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My understanding of this stuff is pretty basic so my semantics may be off, but bare with me.

XGBoost and other gradient descent packages make the best possible split of the data right off the bat. Then with that subset of data, make the best possible split again. But what if the best possible tree is full of splits that require other splits to work?

For example, imagine there was this best possible perfect tree. But the first split on its own would be awful, and the second split on its own would be awful as well, BUT when you apply the second split to one of the subsets from the first split, it works really well?

Gradient descent would never explore this possibility, where each split on its own doesn't work but when you combine them its really effective.

The only way to find this "perfect" tree of splits would be some sort of genetic algorithm to make the trees that just tries weird stuff and sees if it is good?

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"All models are wrong, some are useful" - George Box

CART based trees are greedy. They may miss the best split. CART based trees do not look ahead or backfit. The hope is that after many splits, many trees, the final answer will be close enough to optimal. There is no guarantee with any algorithm though, i.e. the no free lunch theorem.

There are other types of trees besides CART. Bayesian trees, optimal trees, model based trees, and more, that may not be as greedy and MAY or MAY NOT make a "better" model for your use case. You can always try different algorithms.

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Your question:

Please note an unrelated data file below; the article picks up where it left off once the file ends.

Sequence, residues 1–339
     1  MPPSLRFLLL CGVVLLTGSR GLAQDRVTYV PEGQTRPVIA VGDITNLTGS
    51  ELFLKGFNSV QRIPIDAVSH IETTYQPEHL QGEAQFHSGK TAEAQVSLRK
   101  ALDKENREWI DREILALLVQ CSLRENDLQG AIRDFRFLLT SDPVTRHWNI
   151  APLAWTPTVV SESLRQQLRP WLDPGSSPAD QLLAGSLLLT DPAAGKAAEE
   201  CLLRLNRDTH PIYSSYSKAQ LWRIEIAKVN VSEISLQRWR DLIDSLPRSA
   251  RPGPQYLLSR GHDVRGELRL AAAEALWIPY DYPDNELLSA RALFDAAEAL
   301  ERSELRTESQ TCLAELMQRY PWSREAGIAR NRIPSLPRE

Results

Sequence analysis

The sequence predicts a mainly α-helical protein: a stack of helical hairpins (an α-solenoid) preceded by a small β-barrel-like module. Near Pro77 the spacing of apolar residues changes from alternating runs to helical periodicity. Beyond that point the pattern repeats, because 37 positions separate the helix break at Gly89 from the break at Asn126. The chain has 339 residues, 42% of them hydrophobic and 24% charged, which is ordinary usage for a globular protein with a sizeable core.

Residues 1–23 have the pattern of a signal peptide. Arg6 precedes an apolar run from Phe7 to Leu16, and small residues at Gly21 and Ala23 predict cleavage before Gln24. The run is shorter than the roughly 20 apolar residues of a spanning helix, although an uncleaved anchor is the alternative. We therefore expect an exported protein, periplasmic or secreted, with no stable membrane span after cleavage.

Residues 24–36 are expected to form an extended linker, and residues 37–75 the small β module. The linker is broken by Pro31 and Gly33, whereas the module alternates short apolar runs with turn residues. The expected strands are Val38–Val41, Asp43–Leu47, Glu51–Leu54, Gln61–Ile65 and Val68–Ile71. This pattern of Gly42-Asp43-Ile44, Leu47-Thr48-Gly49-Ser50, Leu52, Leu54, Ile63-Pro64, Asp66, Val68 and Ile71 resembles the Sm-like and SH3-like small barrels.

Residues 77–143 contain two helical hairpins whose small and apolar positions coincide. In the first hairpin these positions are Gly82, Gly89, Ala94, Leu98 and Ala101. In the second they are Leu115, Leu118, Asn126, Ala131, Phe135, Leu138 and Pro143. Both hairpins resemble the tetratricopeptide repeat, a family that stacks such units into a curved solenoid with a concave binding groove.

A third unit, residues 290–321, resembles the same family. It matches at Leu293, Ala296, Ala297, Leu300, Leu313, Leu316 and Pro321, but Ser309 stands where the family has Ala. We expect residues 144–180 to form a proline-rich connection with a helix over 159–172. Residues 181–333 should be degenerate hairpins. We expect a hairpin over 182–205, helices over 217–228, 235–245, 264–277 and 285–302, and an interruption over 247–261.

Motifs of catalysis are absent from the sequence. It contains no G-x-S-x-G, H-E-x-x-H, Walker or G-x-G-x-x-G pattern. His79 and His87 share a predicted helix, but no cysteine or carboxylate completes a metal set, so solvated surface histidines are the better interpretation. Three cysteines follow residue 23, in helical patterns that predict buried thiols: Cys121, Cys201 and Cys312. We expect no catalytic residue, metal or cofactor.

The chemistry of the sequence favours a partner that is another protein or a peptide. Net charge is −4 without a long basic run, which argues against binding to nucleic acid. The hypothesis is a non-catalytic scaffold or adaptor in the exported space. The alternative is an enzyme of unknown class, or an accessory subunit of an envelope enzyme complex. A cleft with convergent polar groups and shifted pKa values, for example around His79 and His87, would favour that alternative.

how poor is the CART ensemble (random forest or GBM) at finding an exact perfect line of split?

Answering:
Each tree can be considered a piecewise constant fit of the surface. The inputs for the trees are trained on a random subset of both the columns and the rows, so no two trees are fed the same information. This leads to the trees having a bootstrap-style distribution of split locations.

For the RF, the trees are aggregated for continuous domain outputs using an error weighted mean sum.
For the Boosted Machine (series ensemble) the target is a weighted error of the previous ensemble. This means that over time it gets closer and closer to exact.

What it means:
If you were trying to use a random-forest to approximate a cube, all else being equal, you are likely to get a 12th power spheroid. If you were trying using a GBM it might be a 120th power spheroid. In the limit of many samples, many compute, big model, it could be said to approach to within a bound of error, which a mathematician would love. It can get very very close.

The problem is that there is "no perfect system". All universal approximators are approximators.

As always, we are mechanics at the garage and there is no perfect tool. We need to have a wide variety of tools that we understand sufficiently well to apply to the problem.

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